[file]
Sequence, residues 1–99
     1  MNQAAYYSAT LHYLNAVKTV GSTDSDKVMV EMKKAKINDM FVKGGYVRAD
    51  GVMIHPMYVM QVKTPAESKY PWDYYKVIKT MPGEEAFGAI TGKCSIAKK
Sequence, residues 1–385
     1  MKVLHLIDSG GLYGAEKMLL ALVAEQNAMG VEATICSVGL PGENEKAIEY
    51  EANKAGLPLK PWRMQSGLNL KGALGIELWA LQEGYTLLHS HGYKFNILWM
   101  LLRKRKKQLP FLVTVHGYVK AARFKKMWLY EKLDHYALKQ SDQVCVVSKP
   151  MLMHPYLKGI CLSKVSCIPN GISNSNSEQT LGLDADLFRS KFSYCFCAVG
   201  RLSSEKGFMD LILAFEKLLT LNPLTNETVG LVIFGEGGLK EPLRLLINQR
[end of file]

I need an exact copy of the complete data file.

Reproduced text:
Sequence, residues 1–99
     1  MNQAAYYSAT LHYLNAVKTV GSTDSDKVMV EMKKAKINDM FVKGGYVRAD
    51  GVMIHPMYVM QVKTPAESKY PWDYYKVIKT MPGEEAFGAI TGKCSIAKK
Sequence, residues 1–385
     1  MKVLHLIDSG GLYGAEKMLL ALVAEQNAMG VEATICSVGL PGENEKAIEY
    51  EANKAGLPLK PWRMQSGLNL KGALGIELWA LQEGYTLLHS HGYKFNILWM
   101  LLRKRKKQLP FLVTVHGYVK AARFKKMWLY EKLDHYALKQ SDQVCVVSKP
   151  MLMHPYLKGI CLSKVSCIPN GISNSNSEQT LGLDADLFRS KFSYCFCAVG
   201  RLSSEKGFMD LILAFEKLLT LNPLTNETVG LVIFGEGGLK EPLRLLINQR